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VideoLost Dog 07-31-2015 Shannon Ridge Subdivision Rat Terrier female white w brown spots answers to bebe. Please contact Yolanda Mandigo 830-477-7821
Lost Bull registered Black Angus last seen Eagle Creek, Oakfields area, south of 775 July 20th. 214 freeze branded left hip & tattooed in ears. Green eartag.Larry Smith 210 557-9201

VideoFound: older Dachshund running down the road. If this is your dog please call (210)789-0925. Will need proof and verification that the dog is your's.
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Help Wanted

ON-CALL CRISIS POOL WORKERS NEEDED. Part-time positions are available for after hours “on-call” crisis workers to respond to mental health crisis for Wilson and Karnes Counties. Duties include crisis interventions, assessments, referrals to stabilization services, and referrals for involuntary treatment services according to the Texas Mental Health Laws. You must have at least a Bachelor’s Degree in psychology, sociology, social work, nursing, etc. On-call hours are from 5 p.m.-8 a.m. weekdays, weekends and holidays vary. If selected, you must attend required training and must be able to report to designated safe sites within 1 hour of request for assessment. Compensation is at a rate of $200 per week plus $100 per completed and submitted crisis assessment, and mileage. If interested call Camino Real Community Services, 210-357-0359.
The Floresville Independent School District is accepting applications for District Wide Custodian Positions, 2:00 p.m. to 10:30 p.m. shift. Applications may be obtained online at www.fisd.us or contact Sylvia Campa at 830-393-5300 ext. 14002 for appointments. FISD Personnel Office is located at 1200 5th St., Floresville, Texas. 830-393-5300 (Office hours: 8:00-4:00). Applications will be accepted until all positions are filled. An Equal Opportunity Employer.
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Being Blind




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Disclaimer:
Kathleene Runnels is responsible for this content, which is not edited by the Wilson County News or wilsoncountynews.com.

November 11, 2011 | 1,125 views | 2 comments

Every vision-impaired person has his story of how he or she lost their sight. My dad lost his in two incidents.

The first was when a rock from a sling-shot ricocheted off a building and hit him in his left eye. That one was permanently blinded.

The second eye was injured when he was asked to look down a pipe and a fellow shot a rod down it and hit him in his right eye. Without any sight and blood running down his face, he climbed onto his horse and rode home. He was about 13 at the time and remained completely blind for several years. His older sister by two years, Aunt Vida, became his sight. She read all his work to him, and he continued to do very well in school.

They attended school in Karnes County at the Choate County School. But when Vida moved to high school, graduating from school in Karnes County, Daddy no longer had help, so that's when he went to the Austin School for the Blind. There he learned brail and again, excelled in school.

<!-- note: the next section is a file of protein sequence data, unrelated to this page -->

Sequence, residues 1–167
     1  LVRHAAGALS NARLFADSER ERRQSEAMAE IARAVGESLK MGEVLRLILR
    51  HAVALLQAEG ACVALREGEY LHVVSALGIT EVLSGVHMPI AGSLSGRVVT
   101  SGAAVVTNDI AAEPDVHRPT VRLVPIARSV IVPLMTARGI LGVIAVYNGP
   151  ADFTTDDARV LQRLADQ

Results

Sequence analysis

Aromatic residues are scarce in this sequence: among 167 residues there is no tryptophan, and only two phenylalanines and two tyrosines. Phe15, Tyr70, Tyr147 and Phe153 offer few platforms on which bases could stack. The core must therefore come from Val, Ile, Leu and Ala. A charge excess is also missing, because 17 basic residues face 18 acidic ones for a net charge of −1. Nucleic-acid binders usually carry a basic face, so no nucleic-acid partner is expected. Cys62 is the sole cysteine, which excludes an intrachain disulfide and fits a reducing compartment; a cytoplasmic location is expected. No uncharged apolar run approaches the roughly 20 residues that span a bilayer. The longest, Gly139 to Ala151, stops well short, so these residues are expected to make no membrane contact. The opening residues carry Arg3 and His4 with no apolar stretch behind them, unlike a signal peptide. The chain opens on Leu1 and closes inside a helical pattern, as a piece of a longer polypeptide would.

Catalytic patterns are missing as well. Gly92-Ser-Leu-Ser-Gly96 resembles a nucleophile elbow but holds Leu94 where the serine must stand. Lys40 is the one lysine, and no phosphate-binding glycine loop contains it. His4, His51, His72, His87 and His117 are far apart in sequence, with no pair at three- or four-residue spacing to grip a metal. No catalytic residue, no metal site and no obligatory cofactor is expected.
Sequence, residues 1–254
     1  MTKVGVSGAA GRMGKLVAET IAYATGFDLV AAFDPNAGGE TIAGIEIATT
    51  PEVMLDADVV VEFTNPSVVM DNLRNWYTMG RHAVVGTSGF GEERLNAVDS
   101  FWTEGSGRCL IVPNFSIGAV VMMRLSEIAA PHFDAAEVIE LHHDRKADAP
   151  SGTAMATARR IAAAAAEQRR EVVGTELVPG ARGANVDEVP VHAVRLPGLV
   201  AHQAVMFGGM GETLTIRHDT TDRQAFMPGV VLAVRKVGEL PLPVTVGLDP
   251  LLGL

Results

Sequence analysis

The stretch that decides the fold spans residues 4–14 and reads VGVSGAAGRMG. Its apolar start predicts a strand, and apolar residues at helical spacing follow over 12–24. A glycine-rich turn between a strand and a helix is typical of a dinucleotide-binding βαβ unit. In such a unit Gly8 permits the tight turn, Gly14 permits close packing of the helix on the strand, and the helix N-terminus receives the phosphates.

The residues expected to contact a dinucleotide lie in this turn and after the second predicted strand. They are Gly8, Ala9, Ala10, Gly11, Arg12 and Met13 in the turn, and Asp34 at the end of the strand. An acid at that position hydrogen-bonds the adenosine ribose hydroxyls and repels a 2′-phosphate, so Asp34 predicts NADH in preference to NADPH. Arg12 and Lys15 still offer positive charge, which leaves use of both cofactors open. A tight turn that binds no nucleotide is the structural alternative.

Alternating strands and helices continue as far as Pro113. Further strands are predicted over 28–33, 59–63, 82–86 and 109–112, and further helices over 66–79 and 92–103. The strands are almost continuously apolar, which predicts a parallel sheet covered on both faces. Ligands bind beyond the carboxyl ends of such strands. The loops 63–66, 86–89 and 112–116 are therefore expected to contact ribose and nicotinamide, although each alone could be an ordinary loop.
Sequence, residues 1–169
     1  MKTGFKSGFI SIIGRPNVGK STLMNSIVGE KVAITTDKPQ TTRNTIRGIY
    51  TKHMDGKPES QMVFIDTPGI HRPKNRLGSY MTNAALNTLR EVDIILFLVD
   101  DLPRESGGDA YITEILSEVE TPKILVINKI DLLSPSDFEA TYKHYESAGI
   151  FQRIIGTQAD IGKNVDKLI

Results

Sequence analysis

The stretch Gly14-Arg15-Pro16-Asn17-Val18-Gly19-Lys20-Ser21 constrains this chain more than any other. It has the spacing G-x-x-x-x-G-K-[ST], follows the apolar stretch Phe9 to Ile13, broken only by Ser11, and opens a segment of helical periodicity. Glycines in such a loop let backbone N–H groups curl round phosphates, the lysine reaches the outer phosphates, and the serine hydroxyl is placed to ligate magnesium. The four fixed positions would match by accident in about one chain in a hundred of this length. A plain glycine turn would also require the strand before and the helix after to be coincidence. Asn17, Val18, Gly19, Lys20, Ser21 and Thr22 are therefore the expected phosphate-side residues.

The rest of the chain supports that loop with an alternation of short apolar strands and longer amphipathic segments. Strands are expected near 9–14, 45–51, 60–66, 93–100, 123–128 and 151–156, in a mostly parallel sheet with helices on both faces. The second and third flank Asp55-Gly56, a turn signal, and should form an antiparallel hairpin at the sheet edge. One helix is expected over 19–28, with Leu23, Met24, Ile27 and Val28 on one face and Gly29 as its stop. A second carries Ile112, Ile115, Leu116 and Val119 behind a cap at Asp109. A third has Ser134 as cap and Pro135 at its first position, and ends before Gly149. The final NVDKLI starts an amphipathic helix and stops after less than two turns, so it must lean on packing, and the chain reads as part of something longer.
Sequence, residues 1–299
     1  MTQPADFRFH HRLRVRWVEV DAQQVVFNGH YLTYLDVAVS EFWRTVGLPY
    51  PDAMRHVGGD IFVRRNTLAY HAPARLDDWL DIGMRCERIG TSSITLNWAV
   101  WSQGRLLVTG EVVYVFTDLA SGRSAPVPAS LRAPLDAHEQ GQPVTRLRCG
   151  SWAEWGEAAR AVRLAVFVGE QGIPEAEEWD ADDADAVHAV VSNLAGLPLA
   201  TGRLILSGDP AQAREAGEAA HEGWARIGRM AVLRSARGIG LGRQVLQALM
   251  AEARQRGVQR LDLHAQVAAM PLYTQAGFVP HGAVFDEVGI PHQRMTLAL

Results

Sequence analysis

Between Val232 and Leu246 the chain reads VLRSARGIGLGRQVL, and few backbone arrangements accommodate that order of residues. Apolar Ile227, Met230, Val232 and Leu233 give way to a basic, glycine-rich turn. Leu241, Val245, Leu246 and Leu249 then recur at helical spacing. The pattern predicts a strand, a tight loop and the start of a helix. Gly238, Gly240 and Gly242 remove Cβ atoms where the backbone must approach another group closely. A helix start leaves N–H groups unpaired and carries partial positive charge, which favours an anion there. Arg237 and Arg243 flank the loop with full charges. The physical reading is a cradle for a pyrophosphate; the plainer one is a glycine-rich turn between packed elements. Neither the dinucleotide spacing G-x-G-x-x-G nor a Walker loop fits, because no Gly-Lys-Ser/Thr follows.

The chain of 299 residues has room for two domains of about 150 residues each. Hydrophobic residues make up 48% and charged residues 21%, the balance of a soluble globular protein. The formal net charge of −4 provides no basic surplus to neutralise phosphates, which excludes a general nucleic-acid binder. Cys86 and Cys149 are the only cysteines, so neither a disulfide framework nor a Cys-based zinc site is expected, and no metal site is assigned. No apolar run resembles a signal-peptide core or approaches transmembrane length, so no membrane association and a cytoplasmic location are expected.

When he was 19, he regained some of the vision in one eye, so he transferred to Brackenridge High School to finish up there. The family had moved into San Antonio where his mother was running a boarding house (1929). But before he could graduate, he was in a major car accident on Guenther Street, and he remained in the hospital for months and months, recovering from 71 broken bones. The greatest damage was to his left leg. He limped all his life, more noticeably in his latter years as arthritis had set in.

But Daddy could do so much. He was a 'jack of all trades' and amazingly could do plumbing, electronics, wood-work, and mechanics, mostly using feel instead of sight to figure things out. And he played the guitar, mandolin and piano, all self-taught. He read avidly, using a magnifying glass and a book held close to his face. He played dominoes, holding the entire ‘hand’ in one hand, again, close to his face. He also listened to books on tape, especially the Bible, and despite all of his setbacks, he enjoyed a happy life. He was a jokester, a loving father, a fine Christian, and a cheerful man who loved people and life and never complained.

Daddy died at age 72 in 1982. I think he would have lived much longer, but his body was worn out from all the injuries.
 
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Your Opinions and Comments

 
Elaine K.  
Floresville  
November 11, 2011 7:30pm
 
This brings back great memories, as I grew up in Karnes County and am familiar with Choate and other country schools such as Fashing and Coy City. My husband graduated from Brackenridge High School, and I know exactly where Guenther ... More ›

 
Elaine K.  
Floresville  
November 11, 2011 12:19pm
 
New blog post.

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